Once the animal behaviourist is retained, she should visit and assess the dog as soon as possible. She will often recommend a prescription for medication to reduce the dog’s stress while impounded. 

The lawyer should also advise the dog owner to obtain a trial date as soon as possible. If the dog owners do not urge the court registry for an early trial date, the entire process can take well over one year. This is far too long for the dog to be impounded. There are situations where one can ask for “bail”, but the law is currently very unsettled.

The other important point is that, thanks to a 2013 Supreme Court decision in Smith v. Central Okanagan (Regional District), 2013 BCSC 228, “conditional orders” can be made. This means that even if a court considers a dog to be “dangerous” within the meaning of the legislation, the court can order the dog released on certain conditions (ie: leashed when on public property, muzzled in certain circumstances, continuation of a rehabilitation and management plan prepared by the animal behaviourist). This can be a useful bargaining tool with the Prosecution. Specifically, dog owners can agree in advance that their dog is “dangerous” on the condition that the Prosecution will not pursue a destruction order, but will instead enter into a “consent order” which allows both sides to agree to conditions of release. This “consent order” is then filed in court, and can drastically reduce the time needed for trial. A win-win for both sides. It ensures public safety while also allowing the dog to live.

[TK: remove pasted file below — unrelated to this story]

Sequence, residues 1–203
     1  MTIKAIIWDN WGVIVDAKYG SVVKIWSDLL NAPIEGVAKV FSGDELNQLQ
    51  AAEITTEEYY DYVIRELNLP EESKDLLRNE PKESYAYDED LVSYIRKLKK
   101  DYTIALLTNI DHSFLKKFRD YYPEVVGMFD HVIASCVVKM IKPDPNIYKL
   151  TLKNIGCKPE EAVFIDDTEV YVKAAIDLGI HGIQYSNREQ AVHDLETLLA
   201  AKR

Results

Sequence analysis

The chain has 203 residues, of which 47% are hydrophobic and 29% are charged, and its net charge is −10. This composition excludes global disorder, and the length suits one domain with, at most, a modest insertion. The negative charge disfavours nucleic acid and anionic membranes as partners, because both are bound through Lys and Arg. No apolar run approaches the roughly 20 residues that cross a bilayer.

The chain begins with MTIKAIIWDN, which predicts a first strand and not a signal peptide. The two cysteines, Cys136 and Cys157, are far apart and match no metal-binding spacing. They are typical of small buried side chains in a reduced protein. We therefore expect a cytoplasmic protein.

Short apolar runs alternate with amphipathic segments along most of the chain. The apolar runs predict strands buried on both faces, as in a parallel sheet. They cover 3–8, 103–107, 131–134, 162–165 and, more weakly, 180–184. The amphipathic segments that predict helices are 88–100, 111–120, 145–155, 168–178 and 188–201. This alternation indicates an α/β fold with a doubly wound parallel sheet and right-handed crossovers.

There is much more to “dangerous” dog law. The above focussed only on provincial legislation in regard to destruction applications. The law is different when dealing with “aggressive” or “vicious” designations under municipal bylaws – that is a topic for another discussion. In the meantime, just remember that you have the right to fight for, and protect, your beloved dog.